Sometimes in life, science and the subsequent proof we seek lag far behind validating research (this begs a whole other discussion on funding of such today). In support of my concerns about the dangers of fluoride and how we don’t know what we don’t know, I would like to share the tragic but compelling story of Ignaz Semmelweis.
Hungarian born medical doctor Ignaz Semmelweis began his professional career working in a maternity ward of the General Hospital of Vienna in 1846. In an attempt to discover the cause and hopeful eradication of Peurperal Fever – commonly known then as Childbed Fever – Semmelweis began to collect data from two maternity wards within the hospital.
Interestingly, of the two wards Semelweiss chose, one was manned by male physicians and medical students and the other by female midwifes! Can you see a pattern here?
When Semmelweis crunched the numbers, he discovered that women in the clinic staffed by male doctors and medical students died at a rate nearly five times higher than women in the female-staffed midwives’ clinic.
Semmelweis began studying all the differences between the two clinics, of which there were many. The biggest difference he found was that the physicians and medical students were performing autopsies and the midwifes weren’t.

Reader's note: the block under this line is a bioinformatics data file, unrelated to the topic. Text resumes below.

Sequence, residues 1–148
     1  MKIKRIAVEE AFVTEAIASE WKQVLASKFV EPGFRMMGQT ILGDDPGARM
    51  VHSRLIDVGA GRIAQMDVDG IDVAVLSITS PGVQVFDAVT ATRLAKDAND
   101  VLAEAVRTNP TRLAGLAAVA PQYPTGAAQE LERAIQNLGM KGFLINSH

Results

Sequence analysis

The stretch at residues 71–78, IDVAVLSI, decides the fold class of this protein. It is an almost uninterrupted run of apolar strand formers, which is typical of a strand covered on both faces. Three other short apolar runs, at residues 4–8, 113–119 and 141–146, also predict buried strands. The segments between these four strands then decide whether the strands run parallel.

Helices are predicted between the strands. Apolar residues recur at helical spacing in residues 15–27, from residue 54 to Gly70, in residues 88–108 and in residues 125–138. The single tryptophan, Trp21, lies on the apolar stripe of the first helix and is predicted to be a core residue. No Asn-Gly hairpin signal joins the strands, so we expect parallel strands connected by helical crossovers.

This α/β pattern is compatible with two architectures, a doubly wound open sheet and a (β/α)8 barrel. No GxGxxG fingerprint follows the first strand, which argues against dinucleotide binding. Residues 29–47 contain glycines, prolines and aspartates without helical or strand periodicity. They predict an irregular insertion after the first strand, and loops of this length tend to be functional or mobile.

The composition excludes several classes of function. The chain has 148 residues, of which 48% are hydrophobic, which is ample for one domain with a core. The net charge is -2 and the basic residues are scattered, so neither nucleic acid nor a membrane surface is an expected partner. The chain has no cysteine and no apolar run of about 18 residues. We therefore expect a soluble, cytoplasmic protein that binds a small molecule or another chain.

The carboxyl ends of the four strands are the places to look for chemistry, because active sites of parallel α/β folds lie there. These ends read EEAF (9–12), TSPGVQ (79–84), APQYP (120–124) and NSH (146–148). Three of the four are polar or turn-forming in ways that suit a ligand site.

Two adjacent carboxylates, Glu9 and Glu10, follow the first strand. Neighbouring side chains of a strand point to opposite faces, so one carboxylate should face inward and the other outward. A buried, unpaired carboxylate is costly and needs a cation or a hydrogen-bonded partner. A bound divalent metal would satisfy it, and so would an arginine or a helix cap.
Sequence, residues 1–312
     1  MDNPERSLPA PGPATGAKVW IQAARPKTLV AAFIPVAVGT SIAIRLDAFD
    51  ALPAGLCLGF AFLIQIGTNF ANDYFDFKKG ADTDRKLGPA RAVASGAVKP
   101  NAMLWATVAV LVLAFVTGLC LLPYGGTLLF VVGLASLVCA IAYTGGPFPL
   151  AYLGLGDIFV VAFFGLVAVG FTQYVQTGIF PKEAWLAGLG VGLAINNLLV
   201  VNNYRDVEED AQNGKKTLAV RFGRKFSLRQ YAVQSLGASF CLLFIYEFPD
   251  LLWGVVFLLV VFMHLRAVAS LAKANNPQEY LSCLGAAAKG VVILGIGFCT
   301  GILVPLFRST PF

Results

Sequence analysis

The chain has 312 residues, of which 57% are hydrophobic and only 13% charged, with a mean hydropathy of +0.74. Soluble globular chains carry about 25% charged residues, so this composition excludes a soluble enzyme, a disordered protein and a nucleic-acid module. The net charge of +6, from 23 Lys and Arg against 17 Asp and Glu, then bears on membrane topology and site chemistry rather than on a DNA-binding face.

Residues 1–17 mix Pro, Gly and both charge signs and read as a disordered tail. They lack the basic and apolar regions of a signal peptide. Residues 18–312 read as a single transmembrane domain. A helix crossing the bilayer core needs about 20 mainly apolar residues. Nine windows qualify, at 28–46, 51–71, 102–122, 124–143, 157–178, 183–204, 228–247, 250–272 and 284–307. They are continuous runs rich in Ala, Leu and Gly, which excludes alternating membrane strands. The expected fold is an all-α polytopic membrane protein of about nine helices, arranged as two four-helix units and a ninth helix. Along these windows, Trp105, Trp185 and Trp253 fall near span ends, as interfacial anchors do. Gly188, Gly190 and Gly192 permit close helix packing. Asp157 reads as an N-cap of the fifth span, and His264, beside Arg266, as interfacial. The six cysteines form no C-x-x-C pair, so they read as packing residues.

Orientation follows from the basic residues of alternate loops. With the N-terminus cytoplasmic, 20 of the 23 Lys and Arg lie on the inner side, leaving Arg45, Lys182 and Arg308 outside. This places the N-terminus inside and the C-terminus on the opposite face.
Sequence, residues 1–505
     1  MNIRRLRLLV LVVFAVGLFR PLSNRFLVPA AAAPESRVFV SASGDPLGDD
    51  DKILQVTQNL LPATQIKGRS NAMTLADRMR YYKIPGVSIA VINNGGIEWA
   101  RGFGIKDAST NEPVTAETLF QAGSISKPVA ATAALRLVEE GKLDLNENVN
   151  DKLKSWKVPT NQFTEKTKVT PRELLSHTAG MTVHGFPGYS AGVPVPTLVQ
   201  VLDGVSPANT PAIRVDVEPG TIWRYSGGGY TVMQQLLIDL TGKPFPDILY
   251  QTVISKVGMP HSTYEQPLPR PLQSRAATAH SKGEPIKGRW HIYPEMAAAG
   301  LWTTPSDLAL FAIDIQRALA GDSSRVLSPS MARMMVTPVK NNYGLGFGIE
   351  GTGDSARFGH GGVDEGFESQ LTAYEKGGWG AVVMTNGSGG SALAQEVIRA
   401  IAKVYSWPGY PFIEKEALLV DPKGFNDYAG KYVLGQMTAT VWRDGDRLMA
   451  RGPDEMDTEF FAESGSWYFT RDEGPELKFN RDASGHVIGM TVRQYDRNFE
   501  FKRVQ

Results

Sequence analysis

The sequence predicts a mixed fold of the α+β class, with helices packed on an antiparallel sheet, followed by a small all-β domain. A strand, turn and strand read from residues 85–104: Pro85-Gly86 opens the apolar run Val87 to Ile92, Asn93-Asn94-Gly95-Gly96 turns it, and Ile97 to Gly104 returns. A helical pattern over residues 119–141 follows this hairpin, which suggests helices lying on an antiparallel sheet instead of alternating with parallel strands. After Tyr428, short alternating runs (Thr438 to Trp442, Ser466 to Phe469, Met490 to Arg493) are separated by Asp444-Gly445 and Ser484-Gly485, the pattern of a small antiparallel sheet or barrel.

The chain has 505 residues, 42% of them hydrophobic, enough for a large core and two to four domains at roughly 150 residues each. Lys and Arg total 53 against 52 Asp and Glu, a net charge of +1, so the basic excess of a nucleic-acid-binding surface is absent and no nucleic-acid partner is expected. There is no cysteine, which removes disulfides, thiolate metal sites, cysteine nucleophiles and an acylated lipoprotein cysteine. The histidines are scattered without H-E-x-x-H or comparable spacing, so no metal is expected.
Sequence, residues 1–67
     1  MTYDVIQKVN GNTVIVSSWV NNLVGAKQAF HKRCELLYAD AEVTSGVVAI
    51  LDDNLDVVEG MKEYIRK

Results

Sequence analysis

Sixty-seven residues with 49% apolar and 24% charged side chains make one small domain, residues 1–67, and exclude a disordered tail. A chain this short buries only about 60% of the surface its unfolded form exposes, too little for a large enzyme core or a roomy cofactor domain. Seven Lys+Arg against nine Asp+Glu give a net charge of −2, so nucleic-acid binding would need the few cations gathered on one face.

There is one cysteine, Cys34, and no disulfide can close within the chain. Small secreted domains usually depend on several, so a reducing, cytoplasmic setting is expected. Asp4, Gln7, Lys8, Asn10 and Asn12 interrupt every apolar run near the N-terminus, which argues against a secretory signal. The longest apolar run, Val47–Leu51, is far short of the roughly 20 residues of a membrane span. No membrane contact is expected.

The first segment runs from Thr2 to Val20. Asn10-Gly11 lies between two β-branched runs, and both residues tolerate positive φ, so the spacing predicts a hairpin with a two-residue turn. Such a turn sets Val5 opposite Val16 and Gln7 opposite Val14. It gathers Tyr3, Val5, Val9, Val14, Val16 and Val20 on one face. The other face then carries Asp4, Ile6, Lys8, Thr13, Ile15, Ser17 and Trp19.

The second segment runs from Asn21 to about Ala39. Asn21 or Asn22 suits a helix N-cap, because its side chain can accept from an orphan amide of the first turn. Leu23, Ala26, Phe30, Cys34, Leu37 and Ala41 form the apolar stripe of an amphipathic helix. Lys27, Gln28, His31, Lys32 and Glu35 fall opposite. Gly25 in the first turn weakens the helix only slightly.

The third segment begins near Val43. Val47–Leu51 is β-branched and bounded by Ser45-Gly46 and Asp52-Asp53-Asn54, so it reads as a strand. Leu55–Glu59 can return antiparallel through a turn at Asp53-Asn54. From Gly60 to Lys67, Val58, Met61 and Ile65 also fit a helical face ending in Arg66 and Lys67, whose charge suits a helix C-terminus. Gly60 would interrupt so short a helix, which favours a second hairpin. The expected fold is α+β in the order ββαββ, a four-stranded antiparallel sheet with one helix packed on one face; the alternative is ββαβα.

Semelweiss hypothesized that something was being transferred from the cadavers the doctors and students were studying to the women in the maternity ward who would also contract the disease and then die.
It is important to note here that the germ theory of disease had not yet been discovered and would not for another 20 years by Louis Pasteur who was also looking at Peurperal fever in his research.
Based on his common sense assumption that something was being transferred from the corpses, Semelweiss then had all of his staff begin to wash their hands and instruments with Chlorine. The history books tell us that this was more to get rid of the smell of putrefying flesh.
The result: The rates of Childbed Fever dropped drastically!
One would expect a huge celebration of this discovery but such was not the case. The doctors took it personally; it made them appear to be the cause of the disease and Semelweiss’ manner of enforcing the cleaning protocol offended them as well.
Instead, Semelweiss ended up losing his job and the hospital gave up the chlorine hand-washing with disease rates returning to their previous numbers.
Try as he might, the good doctor could convince no others of the importance of handwashing and he ended up in and insane asylum where it is reported that he was beaten to death.
It is tragic to me, that the protection of turf and personal interests outweighed the pursuit of truth and the wellbeing of the public; the Hippocratic Oath was not respected here!
We have not come very far if we still cannot acknowledge that we don’t know what we don’t know but even more of a travesty is that we don’t even care to find out!
Until next time,